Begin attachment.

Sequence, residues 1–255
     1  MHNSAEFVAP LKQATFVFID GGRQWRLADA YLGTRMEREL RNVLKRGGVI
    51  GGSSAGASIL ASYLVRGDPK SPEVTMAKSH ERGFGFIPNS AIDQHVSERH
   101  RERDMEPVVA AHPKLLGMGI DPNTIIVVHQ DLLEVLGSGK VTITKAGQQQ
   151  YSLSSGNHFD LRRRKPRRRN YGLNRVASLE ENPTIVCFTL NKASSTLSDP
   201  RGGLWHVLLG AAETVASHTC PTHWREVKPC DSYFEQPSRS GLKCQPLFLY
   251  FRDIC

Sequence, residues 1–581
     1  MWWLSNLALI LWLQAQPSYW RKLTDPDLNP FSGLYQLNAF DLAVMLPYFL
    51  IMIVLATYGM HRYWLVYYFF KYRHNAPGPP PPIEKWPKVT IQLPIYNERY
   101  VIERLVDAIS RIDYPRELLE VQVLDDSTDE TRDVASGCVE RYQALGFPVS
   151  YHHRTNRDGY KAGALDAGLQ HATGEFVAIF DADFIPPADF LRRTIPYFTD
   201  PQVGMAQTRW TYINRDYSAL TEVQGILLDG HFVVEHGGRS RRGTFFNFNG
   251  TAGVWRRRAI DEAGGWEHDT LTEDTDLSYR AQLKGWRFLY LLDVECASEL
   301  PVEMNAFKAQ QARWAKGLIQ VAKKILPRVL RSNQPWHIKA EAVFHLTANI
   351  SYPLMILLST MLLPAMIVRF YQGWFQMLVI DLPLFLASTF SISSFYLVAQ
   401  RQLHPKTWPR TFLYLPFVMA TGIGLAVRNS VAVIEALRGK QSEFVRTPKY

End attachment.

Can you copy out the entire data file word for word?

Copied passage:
Sequence, residues 1–255
     1  MHNSAEFVAP LKQATFVFID GGRQWRLADA YLGTRMEREL RNVLKRGGVI
    51  GGSSAGASIL ASYLVRGDPK SPEVTMAKSH ERGFGFIPNS AIDQHVSERH
   101  RERDMEPVVA AHPKLLGMGI DPNTIIVVHQ DLLEVLGSGK VTITKAGQQQ
   151  YSLSSGNHFD LRRRKPRRRN YGLNRVASLE ENPTIVCFTL NKASSTLSDP
   201  RGGLWHVLLG AAETVASHTC PTHWREVKPC DSYFEQPSRS GLKCQPLFLY
   251  FRDIC

Sequence, residues 1–581
     1  MWWLSNLALI LWLQAQPSYW RKLTDPDLNP FSGLYQLNAF DLAVMLPYFL
    51  IMIVLATYGM HRYWLVYYFF KYRHNAPGPP PPIEKWPKVT IQLPIYNERY
   101  VIERLVDAIS RIDYPRELLE VQVLDDSTDE TRDVASGCVE RYQALGFPVS
   151  YHHRTNRDGY KAGALDAGLQ HATGEFVAIF DADFIPPADF LRRTIPYFTD
   201  PQVGMAQTRW TYINRDYSAL TEVQGILLDG HFVVEHGGRS RRGTFFNFNG
   251  TAGVWRRRAI DEAGGWEHDT LTEDTDLSYR AQLKGWRFLY LLDVECASEL
   301  PVEMNAFKAQ QARWAKGLIQ VAKKILPRVL RSNQPWHIKA EAVFHLTANI
   351  SYPLMILLST MLLPAMIVRF YQGWFQMLVI DLPLFLASTF SISSFYLVAQ
   401  RQLHPKTWPR TFLYLPFVMA TGIGLAVRNS VAVIEALRGK QSEFVRTPKY